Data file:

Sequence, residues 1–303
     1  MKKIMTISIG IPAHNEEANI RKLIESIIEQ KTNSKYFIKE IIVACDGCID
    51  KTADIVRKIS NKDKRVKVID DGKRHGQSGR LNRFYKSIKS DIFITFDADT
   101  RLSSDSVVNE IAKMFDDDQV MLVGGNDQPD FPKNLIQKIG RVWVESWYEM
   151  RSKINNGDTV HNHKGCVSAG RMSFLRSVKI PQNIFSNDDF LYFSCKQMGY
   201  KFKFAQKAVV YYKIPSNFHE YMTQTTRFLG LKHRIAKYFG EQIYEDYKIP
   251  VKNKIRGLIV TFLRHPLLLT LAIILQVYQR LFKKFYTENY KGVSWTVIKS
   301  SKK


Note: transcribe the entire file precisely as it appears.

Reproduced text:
Sequence, residues 1–303
     1  MKKIMTISIG IPAHNEEANI RKLIESIIEQ KTNSKYFIKE IIVACDGCID
    51  KTADIVRKIS NKDKRVKVID DGKRHGQSGR LNRFYKSIKS DIFITFDADT
   101  RLSSDSVVNE IAKMFDDDQV MLVGGNDQPD FPKNLIQKIG RVWVESWYEM
   151  RSKINNGDTV HNHKGCVSAG RMSFLRSVKI PQNIFSNDDF LYFSCKQMGY
   201  KFKFAQKAVV YYKIPSNFHE YMTQTTRFLG LKHRIAKYFG EQIYEDYKIP
   251  VKNKIRGLIV TFLRHPLLLT LAIILQVYQR LFKKFYTENY KGVSWTVIKS
   301  SKK